As of 17 February 2022, over 15,773 cases of COVID-19 were identified, resulting in 297 personnel medically evacuated from theater. Over the past three months there has been a decline in active cases with an average active case count of thirty-five. While many events were cancelled or postponed due to COVID-19, partners successfully executed larger, multinational exercises such as BRIGHT STAR, IMX, and EAGER LION. Anticipatory public health measures and effective implementation of the COVID-19 vaccination program detailed below led to dramatic reductions in daily active cases and theater medical evacuation.
CENTCOM continues working closely with the Joint Staff, Defense Health Agency, and Defense Logistics Agency to identify requirements for COVID-19 vaccines and newly developed medications. CENTCOM prioritized forward-deployed forces in Afghanistan, Iraq, and Syria for early vaccine delivery and voluntary inoculation efforts. In March 2021, CENTCOM significantly expanded vaccine distribution throughout the AOR with the intent to provide COVID-19 vaccines for all DOD personnel, dependents, and contractors willing to receive it to provide maximal force health protection. Following full licensure and OSD-directed mandatory vaccination, CENTCOM overcame ultra-cold storage and shipping challenges to provide the Pfizer vaccine more broadly across the AOR, achieving full vaccination rate of 97 percent among U.S. military personnel and civilians.
Refinement of theater deployment physical standards for all personnel helped reduce the impact to U.S., Coalition, and partner-nation civilians. Continued entry of COVID-19 infected personnel, finite quantities of on-hand testing consumables, limited quarantine and hospital capacity in theater, and irregular resupply obstacles were effectively mitigated, leading to outbreak prevention and containment. Individuals must now be fully vaccinated as a theater entry requirement, which will minimize COVID-19 mission impact moving forward. Booster shots are readily available and encouraged for all deployed personnel.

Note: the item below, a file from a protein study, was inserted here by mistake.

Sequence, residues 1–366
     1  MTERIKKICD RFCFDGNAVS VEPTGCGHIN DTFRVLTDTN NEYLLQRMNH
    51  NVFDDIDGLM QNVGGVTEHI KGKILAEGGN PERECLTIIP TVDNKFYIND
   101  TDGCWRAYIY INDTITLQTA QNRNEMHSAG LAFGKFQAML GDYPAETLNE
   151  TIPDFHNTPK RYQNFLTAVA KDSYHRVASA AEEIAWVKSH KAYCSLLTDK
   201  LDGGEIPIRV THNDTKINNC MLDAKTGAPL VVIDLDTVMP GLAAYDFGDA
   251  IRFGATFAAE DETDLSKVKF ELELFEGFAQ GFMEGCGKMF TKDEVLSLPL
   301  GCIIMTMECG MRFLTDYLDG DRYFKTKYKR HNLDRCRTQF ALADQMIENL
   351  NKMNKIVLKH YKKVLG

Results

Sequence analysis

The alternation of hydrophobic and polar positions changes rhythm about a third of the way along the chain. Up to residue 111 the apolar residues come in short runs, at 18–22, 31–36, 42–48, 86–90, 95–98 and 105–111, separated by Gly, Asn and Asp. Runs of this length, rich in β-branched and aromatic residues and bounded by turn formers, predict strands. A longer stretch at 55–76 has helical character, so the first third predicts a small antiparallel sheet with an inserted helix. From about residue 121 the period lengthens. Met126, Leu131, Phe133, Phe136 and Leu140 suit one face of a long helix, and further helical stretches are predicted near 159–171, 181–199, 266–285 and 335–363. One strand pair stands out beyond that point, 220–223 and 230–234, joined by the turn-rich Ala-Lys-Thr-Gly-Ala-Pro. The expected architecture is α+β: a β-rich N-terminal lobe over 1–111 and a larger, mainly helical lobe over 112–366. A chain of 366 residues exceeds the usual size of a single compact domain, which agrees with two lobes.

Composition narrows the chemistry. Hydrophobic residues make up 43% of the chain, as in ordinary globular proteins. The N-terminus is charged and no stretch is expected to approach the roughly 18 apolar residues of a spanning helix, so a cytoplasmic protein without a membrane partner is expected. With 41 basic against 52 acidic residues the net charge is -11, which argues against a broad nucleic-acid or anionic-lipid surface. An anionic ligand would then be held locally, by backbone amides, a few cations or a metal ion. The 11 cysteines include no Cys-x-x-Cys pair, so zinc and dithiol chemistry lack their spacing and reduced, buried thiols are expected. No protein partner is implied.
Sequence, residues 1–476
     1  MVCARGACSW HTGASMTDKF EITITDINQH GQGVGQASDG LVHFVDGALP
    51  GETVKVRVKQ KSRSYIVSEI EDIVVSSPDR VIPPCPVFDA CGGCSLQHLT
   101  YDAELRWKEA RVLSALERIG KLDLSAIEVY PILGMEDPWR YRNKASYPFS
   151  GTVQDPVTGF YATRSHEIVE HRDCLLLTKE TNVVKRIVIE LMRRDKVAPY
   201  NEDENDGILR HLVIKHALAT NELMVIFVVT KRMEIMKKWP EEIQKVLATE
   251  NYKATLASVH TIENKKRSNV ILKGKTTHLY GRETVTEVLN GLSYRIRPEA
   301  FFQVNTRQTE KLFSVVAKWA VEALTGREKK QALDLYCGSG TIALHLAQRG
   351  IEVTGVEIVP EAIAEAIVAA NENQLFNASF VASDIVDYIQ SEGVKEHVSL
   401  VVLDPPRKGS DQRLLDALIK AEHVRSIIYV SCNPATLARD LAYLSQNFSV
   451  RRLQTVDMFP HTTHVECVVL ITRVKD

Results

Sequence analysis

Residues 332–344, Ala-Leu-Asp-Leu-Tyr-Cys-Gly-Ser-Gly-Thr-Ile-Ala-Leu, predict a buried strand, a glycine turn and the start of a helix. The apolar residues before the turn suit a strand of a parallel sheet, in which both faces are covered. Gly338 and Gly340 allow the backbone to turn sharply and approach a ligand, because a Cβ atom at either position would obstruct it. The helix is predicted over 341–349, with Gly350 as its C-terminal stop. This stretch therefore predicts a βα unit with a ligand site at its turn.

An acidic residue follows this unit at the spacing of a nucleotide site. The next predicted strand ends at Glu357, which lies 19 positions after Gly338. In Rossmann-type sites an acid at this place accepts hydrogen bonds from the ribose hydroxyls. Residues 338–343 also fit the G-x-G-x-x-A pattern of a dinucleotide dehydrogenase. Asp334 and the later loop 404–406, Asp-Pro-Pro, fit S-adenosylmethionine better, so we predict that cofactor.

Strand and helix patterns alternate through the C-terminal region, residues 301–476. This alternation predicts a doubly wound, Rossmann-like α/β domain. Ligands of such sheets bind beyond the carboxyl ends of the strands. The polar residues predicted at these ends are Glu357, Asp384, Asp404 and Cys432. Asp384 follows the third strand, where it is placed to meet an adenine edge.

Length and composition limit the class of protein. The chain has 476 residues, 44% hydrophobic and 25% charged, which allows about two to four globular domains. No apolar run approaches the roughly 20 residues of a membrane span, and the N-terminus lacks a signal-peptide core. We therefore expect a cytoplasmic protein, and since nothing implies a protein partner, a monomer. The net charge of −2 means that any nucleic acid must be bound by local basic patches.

At the CENTCOM headquarters, relaxing restrictions on travel and movement in both the AOR and the United States renewed face-to-face key leader engagements and regular personnel rotations throughout much of 2021. CENTCOM was able to remove previously implemented teleworking procedures, with on-site staffing returning to 100 percent in June 2021. Effective public health measures and implementation of mandatory vaccination has provided long-term solutions to enable safe operations in the headquarters (both in Tampa and forward) and continuous support to forward-deployed formations.
CENTCOM will continue to play an important role in commanding and directing a multitude of operations, activities, and investments across the region that maintain freedom of navigation, bolster our allies and partners against coercion, share in the region’s common defense, and strive for regional stability. Maintaining a sufficient and sustainable level of presence in the Central Region will enable us to deter Iranian aggression, while providing the capability to compete with the PRC and Russia and disrupt VEOs. It also will provide us the ability to influence and help secure three of the world’s five most vital transit choke points, ensuring free flow of navigation, resources, and commerce.
Moving forward, how we establish our limited enduring presence will be closely watched by both our regional and global partners, with nations making their own decisions about our reliability in the long term. A tailored presence supported by an over-the-horizon capability will enable flexibility, responsiveness, and act as a strategic shock absorber and backstop to our allies and partners in times of crisis. It is vital to match aspirations with resources to ensure successful strategy execution in the Central Region. Ultimately, CENTCOM must operate forward, retain appropriate manning, and remain operationally ready in order to meet an uncertain, unstable future and support whatever policies our civilian leadership direct. The necessary oversight and deep support from Congress critically enable our continued success.